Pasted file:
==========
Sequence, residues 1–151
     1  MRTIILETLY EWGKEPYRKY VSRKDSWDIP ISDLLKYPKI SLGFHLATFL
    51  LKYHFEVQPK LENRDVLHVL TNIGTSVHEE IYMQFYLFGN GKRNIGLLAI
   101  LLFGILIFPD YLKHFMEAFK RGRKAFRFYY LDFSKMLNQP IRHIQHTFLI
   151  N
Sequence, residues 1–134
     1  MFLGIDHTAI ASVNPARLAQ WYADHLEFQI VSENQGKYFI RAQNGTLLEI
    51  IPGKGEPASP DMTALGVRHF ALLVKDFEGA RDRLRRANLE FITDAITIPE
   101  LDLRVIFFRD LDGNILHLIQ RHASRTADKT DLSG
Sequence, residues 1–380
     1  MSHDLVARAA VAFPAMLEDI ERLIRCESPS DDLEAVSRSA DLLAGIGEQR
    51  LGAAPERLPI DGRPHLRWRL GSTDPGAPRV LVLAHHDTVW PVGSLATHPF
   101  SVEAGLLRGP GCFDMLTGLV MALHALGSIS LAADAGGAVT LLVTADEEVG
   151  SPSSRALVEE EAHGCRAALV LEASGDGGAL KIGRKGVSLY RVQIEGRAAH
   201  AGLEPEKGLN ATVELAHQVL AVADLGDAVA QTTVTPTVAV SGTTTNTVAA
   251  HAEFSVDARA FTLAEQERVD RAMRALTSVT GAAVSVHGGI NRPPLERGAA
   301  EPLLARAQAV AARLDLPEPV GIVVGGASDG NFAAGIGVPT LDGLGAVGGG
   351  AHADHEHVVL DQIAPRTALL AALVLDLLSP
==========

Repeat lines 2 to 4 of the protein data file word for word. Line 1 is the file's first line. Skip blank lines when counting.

     1  MRTIILETLY EWGKEPYRKY VSRKDSWDIP ISDLLKYPKI SLGFHLATFL
    51  LKYHFEVQPK LENRDVLHVL TNIGTSVHEE IYMQFYLFGN GKRNIGLLAI
   101  LLFGILIFPD YLKHFMEAFK RGRKAFRFYY LDFSKMLNQP IRHIQHTFLI